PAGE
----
Next in my list of places to visit in Provence was Gordes, one of the best known hilltop villages in the region, and one of the most beautiful in France. It was a little harder to get to; I took one bus from Avignon to Maubec and then had a half-hour wait to transfer to a different line to get to Gordes. Maubec has some cute shops and a small restaurant right in front of the bus stop, so it wasn’t an unpleasant wait.
The site has been occupied since prehistoric times due to its great strategic importance as a gateway to the Calavon valley. It was a fortified city in the Roman period. An imposing château that dominates the village dates from the 10th century and was remodeled during the Renaissance. Many artists have lived in the village of Gordes, such as Marc Chagall and photographer Willy Ronis, and they contributed to its reputation for rugged beauty.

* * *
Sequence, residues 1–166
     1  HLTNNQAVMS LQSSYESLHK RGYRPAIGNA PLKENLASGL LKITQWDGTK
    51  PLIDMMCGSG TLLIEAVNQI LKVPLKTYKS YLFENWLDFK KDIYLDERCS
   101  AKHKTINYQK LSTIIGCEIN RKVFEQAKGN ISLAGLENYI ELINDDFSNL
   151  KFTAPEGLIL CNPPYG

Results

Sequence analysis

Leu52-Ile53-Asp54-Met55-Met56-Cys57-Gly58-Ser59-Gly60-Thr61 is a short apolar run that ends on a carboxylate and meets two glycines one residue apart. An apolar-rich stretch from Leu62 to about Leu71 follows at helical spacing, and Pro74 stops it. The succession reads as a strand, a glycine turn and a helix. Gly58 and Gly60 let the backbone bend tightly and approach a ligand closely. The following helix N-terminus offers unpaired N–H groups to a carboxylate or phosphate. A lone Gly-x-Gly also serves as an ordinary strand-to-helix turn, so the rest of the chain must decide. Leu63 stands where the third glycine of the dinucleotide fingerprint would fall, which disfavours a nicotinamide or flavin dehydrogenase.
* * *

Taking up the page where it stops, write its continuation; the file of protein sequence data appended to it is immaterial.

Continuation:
During the Second World War, the village of Gordes was an active resistance center against the German occupiers. It was bombed on August 22, 1944 and a dozen houses were dynamited in reprisal for the death of a German soldier, killed by resistance fighters.
Today, the town is also famous for its proximity to the Abbey of Sénanque. You may have seen pictures of the stone monastery surrounded by fields of lavender. The lavender season was already finished in the sizzling heat of early August, but a kind police officer pointed out that there were a few sprigs of lavender in front of the police station. I was surprised that they had hung on! I had originally planned to visit in June, before my summer job started, and then I would have seen those magnificent fields. Maybe another year.
Next up, what to see in Isle-sur-la-Sorgue.